So, the kitchen is stopped but another staff is working outside.

async function kitchen(){
 console.log("A Pizza")
 console.log("B Pizza")
 console.log("C Pizza")
 
 await toppings_choice()
 console.log("Chilli Flakes")
 console.log("Cheese")
}
// Trigger the function
kitchen();

console.log("Staff working outside")

We’re asking customers & till then, other works are done.

Once, we get the toppings chosen by the customer, we can enter the kitchen and finish the job.

While using Async/ Await, you can also use .then, .catch, .finally handlers because they also are a core part of promises.

All you need to know about Promise.all

Promise.all take asynchronous functions to the new level as it helps you in a grouping of promises.

The Promise.all() method accepts an emphasized object, such as an array of promises as a value, and returns a single promise that resolves to a resulting array of the input promises.

When all input promises have been resolved or the emphasized value does not contain a promise, the returned promise will be resolved.

It rejects straight away when a value promise rejects.

Where it is used?

It is mostly used when there are many asynchronous tasks happening that the overall code depends upon to work successfully – all the code that we want to run before we continue to execute the code.

const firstpromise = new Promise((resolve, reject) => {
  setTimeout(resolve, 200, "first promise resolved");
}); //will be resolved after 200ms

const secondpromise = 38; //non-promise

const thirdpromise = new Promise((resolve, reject) => {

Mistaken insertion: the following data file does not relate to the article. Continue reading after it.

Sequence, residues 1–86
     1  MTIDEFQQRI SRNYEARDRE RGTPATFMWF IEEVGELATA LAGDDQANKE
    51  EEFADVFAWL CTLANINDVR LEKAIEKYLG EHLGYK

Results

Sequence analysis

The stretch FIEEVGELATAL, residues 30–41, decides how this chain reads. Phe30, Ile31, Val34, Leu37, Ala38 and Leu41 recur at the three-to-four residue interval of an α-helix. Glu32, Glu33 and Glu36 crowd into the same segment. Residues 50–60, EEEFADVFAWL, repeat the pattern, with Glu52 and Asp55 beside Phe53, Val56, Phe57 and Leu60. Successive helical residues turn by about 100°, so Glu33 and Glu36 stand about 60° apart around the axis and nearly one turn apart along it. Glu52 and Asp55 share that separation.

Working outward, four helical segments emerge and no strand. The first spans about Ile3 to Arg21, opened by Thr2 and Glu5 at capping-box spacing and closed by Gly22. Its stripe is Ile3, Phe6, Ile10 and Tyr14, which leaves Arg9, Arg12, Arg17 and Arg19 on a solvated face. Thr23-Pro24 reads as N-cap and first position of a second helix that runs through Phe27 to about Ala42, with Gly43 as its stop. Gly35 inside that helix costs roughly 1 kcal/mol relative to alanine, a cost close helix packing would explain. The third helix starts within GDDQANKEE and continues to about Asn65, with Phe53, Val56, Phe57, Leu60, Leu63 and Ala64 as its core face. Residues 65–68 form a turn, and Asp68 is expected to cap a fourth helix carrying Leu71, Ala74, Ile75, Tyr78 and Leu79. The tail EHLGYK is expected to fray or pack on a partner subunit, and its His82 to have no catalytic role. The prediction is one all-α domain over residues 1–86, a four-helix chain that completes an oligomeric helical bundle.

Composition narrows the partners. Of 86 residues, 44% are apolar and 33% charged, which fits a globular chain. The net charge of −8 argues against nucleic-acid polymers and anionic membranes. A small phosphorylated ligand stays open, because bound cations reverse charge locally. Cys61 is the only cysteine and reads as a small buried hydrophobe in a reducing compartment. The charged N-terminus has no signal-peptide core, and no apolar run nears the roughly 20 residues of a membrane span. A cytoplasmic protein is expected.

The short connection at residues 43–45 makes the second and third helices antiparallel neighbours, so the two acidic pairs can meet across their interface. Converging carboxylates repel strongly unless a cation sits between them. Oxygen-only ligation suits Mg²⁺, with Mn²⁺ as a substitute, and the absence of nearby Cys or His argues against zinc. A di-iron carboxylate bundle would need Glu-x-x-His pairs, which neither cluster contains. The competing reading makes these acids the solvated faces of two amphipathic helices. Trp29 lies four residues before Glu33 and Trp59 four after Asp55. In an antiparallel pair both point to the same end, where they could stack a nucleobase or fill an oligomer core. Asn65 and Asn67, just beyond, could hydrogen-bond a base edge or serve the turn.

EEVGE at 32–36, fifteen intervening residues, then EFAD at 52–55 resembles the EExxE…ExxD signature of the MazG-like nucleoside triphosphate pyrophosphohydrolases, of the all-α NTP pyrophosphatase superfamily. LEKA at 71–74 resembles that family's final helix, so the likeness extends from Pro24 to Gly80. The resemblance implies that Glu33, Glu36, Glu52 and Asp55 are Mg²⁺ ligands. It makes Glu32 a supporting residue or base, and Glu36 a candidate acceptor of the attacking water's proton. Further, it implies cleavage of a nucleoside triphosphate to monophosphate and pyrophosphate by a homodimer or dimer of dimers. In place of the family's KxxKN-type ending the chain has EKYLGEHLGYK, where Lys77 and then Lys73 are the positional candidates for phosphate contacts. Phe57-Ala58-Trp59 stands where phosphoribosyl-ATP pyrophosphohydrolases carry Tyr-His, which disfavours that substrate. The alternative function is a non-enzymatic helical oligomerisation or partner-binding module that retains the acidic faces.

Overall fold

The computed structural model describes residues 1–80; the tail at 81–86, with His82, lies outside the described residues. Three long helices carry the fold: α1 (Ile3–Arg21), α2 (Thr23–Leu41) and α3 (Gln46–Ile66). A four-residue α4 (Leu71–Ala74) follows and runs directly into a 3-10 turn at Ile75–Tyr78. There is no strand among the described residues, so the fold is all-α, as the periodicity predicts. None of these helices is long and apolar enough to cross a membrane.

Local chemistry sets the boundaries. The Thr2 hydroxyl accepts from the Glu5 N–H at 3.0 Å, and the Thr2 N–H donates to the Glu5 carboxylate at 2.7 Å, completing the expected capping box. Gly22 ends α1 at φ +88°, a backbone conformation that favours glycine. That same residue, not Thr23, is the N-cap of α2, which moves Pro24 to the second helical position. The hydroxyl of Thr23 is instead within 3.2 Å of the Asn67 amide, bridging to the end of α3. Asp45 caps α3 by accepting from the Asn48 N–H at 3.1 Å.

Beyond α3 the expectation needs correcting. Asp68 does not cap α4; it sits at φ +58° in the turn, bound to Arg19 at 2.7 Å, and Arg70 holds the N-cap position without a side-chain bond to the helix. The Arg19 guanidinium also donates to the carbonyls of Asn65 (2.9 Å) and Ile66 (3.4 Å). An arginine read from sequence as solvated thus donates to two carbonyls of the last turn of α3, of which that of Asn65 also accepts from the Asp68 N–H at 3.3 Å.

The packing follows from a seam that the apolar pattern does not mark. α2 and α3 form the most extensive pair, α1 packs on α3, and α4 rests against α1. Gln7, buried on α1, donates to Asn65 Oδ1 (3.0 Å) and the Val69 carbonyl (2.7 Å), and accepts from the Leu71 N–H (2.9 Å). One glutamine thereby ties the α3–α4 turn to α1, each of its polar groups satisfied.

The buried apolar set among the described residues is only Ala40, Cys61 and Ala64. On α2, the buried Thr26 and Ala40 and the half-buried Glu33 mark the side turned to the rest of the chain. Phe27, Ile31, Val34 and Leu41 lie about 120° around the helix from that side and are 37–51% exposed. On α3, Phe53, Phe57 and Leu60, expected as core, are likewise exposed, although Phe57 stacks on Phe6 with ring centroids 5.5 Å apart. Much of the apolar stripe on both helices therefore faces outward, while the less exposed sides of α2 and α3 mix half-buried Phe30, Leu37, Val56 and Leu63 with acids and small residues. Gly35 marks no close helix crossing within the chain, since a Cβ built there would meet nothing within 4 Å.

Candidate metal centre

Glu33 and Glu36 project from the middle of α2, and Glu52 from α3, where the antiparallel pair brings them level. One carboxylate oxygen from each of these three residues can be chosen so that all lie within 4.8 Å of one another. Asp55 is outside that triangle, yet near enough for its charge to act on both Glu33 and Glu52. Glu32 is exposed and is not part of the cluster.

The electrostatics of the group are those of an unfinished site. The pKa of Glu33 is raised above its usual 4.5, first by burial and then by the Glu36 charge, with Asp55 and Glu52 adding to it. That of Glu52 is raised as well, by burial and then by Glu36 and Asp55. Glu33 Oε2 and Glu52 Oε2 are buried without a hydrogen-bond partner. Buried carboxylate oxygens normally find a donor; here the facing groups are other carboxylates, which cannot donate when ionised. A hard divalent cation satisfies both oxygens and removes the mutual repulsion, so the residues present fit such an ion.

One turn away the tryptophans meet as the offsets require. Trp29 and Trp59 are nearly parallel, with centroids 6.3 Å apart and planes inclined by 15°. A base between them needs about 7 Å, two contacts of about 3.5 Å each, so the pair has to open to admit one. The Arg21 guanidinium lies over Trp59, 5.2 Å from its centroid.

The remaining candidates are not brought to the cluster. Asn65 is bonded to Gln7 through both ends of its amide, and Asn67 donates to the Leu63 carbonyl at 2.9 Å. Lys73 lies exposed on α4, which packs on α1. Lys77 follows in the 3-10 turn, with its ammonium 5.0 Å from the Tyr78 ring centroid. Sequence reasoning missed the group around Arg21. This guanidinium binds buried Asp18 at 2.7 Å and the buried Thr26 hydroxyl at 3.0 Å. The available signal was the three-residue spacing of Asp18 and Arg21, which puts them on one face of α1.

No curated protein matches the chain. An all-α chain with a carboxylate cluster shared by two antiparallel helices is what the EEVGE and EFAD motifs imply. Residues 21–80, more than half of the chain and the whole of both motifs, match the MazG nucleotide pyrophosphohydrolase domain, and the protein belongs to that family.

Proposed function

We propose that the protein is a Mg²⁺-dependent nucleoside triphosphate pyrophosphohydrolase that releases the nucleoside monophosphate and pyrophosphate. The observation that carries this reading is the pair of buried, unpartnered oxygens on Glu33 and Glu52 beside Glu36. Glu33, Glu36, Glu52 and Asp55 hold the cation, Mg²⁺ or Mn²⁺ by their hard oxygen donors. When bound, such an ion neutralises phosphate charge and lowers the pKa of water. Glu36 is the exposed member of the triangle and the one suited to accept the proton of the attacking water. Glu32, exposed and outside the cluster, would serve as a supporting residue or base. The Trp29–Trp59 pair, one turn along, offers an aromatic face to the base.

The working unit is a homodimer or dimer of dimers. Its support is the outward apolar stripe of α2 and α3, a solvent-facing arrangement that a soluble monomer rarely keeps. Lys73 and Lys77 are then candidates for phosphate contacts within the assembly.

setTimeout(resolve, 100, "second promise resolved");
}); // will be resolved after 100ms

Promise.all([firstpromise, secondpromise, thirdpromise])
  .then((values) => {
    console.log(values);
  })
  .catch((err) => {
    console.log(err);
});

//expected output: ['first promise resolved', 38, 'second promise resolved']

 If any of the promises fail or rejects, then all the remaining promises also fail. Then Promise.all get rejected.

Promise.allSettled()

Promise.allSettled() is much useful for performing independent async functions, and collecting the result of those operations.

It accepts a list of Promises and returns a new Promise that resolves after all the input Promises have been settled, resolved, or rejected.

JavaScript Promise.allSettled() example below:

var arr=[];

Promise.allSettled([A(),B(),C(),D()])
  .then((value)=>{
      for(var i of value){
          if(i.status=='fulfilled'){
            arr.push(i.value)
          }
          
      }
    
    console.log(arr);
}).catch(console.log);

function A(){
    return new Promise((resolve,reject)=>{
        resolve("A Solved"); 
    });  
}

function B(){
    return new Promise((resolve,reject)=>{
        resolve("B Solved");
   });  
}

function C(){
    return new Promise((resolve,reject)=>{
        resolve("C Solved");
   });  
}

function D(){
    return new Promise((resolve,reject)=>{
        reject("D Rejected");
   });  
}

The promise returned by Promise.allSettled()  fulfills an array, doesn’t matter if few or all input promises are rejected.

So this was all about understanding JavaScript Promises. Links to more resources for understanding this visually!

Is JavaScript Synchronous or Asynchronous?

What the Heck is a callback?

Understanding Promises in JavaScript – Part 1

Understanding Promises in JavaScript – Part 2

The Better way to write promises in JavaScript